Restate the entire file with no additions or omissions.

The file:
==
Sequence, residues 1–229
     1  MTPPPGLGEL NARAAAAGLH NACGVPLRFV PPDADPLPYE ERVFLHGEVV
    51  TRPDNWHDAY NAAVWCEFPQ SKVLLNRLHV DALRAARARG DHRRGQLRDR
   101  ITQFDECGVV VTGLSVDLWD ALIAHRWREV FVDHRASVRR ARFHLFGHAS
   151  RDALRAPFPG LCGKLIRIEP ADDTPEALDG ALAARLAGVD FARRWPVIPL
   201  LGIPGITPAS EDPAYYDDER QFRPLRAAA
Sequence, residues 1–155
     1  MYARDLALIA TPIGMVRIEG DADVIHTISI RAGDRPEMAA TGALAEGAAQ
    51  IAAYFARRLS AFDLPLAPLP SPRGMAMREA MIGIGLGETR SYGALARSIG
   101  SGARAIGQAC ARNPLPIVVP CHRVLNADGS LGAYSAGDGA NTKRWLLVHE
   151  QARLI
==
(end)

Sequence, residues 1–229
     1  MTPPPGLGEL NARAAAAGLH NACGVPLRFV PPDADPLPYE ERVFLHGEVV
    51  TRPDNWHDAY NAAVWCEFPQ SKVLLNRLHV DALRAARARG DHRRGQLRDR
   101  ITQFDECGVV VTGLSVDLWD ALIAHRWREV FVDHRASVRR ARFHLFGHAS
   151  RDALRAPFPG LCGKLIRIEP ADDTPEALDG ALAARLAGVD FARRWPVIPL
   201  LGIPGITPAS EDPAYYDDER QFRPLRAAA
Sequence, residues 1–155
     1  MYARDLALIA TPIGMVRIEG DADVIHTISI RAGDRPEMAA TGALAEGAAQ
    51  IAAYFARRLS AFDLPLAPLP SPRGMAMREA MIGIGLGETR SYGALARSIG
   101  SGARAIGQAC ARNPLPIVVP CHRVLNADGS LGAYSAGDGA NTKRWLLVHE
   151  QARLI